Last month, crime story watchers like me sat riveted as police announced the eighteen-year-delayed discovery of missing child turned grown woman and mother, Jaycee Dugard. Why the fascination?
Maybe it was the human desire to celebrate something that resembled a happy ending. Even after nearly two decades of captivity and abuse, the release of Dugard and her daughters back to her family was at least happy-ish compared to the more familiar endings to these stories.
Or maybe the source of fascination was less noble: a prurient curiosity about lives lived in a Rube Goldberg backyard-compound; the derangement of a sex offender who insists the case is "a powerful, heartwarming story;" the role of a wife who not only condoned but participated in her husband's crimes.
But certainly part of the story's appeal was the closure it brought in a case that epitomized the kind of violence we fear most: wholly random, unpredictable, uncontrollable, predatory. Jaycee was abducted before her stepfather's eyes as she walked up a hill toward her school bus stop.
Like the 1993 abduction of Polly Klaas from a slumber party in her own home, the case chilled us to the bones at least in part because of its arbitrariness. Organizers of a parade to celebrate Dugard's return -- many of them children at the time of Jaycee's kidnapping -- said they lost their innocence when she disappeared. They were haunted by a boogeyman whose face they couldn't conjure.
But now a few short weeks later, we watch what began as another missing person case -this one without the happy ending, and this one reminding us that most crimes aren't random and most predators aren't faceless strangers. Yale graduate student Annie Le disappeared less than a week before she was to be married. Her body was found stuffed behind a wall of a university research building on what was supposed to be her wedding day.
Although only time (and evidence) will tell the full story of what happened, police have arrested Raymond Clark, a Yale lab technician who worked in the building. They have executed search warrants at Clark's home and seized DNA from him to compare to physical evidence in the case. Several news sources have reported Clark had defensive wounds and failed a lie detector test. More recently, whispers have emerged that Clark had an unrequited romantic interest in Le.
The media are comparing Le's murder to that of Suzanne Jovin, who was stabbed on the Yale campus in 1998. But the case brought to my mind the July murder of Eridania Rodriguez. Rodriguez disappeared while working her evening cleaning shift at a downtown New York office highrise. Her body was found stuffed inside the skyscraper's air conditioning shaft, her head wrapped like a mummy in construction tape. The building's elevator operator has been charged.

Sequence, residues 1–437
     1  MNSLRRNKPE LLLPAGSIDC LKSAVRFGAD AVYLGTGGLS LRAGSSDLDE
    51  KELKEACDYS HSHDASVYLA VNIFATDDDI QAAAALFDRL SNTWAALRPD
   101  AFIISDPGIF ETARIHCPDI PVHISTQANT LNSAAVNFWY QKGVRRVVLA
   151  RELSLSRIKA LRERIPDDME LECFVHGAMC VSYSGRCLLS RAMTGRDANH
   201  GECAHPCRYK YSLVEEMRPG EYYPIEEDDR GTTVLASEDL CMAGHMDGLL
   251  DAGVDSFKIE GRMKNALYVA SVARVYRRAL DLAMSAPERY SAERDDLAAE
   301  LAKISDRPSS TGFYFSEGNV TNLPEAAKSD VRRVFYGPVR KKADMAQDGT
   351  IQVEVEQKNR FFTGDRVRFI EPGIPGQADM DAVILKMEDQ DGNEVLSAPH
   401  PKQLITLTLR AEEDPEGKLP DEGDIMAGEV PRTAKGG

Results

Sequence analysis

I also find myself thinking about actress and director Adrienne Shelly, whose body was found in her Greenwich Village office after a chain of tragic events the commenced with an ordinary complaint about construction noise and ended with a fatal blow to the head.
I find myself remembering that Elizabeth Smart was snatched from her Salt Lake City bedroom not by a total stranger, but by a drifter who'd worked for her family as a handyman for one day a year earlier.
According to FBI statistics for 2008, only twenty-two percent of murder victims were killed by strangers. More than thirty percent were slain by family members, boyfriends, and girlfriends. Nearly half of all murders were committed by friends, neighbors, and casual acquaintances. And even as violent crime rates decrease, workplace homicides are on the rise -- up thirteen percent in 2007.
As New Haven Police Chief James Lewis said this morning, "[T]his is not about urban crime, university crime, domestic crime but an issue of workplace violence, which is becoming a growing concern around the country."
With no shortage of sad details to emerge from Le's death, as a writer and as a woman, I shook my head as I read about an article Le penned in February for a campus magazine. The article was called "Crime and Safety in New Haven."
Not unlike pieces I've authored myself, the story extolled the values of street smarts when living in a city with crime. She interviewed the Yale campus police chief, who advised women, "pay attention to where you are," and "avoid portraying yourself as a potential victim." In summary, she wrote, "New Haven is a city, and all cities have their perils, but with a little street smarts, one can avoid becoming yet another statistic."
This story has no happy ending, and Le did become a statistic. Her death reminds us: As much as we fear the stranger on a city street -- the faceless predator who can strike out of nowhere -- crime is more likely to strike closer to home or work. And the predator could be a friend, neighbor, or the seemingly harmless lab technician down the hall.
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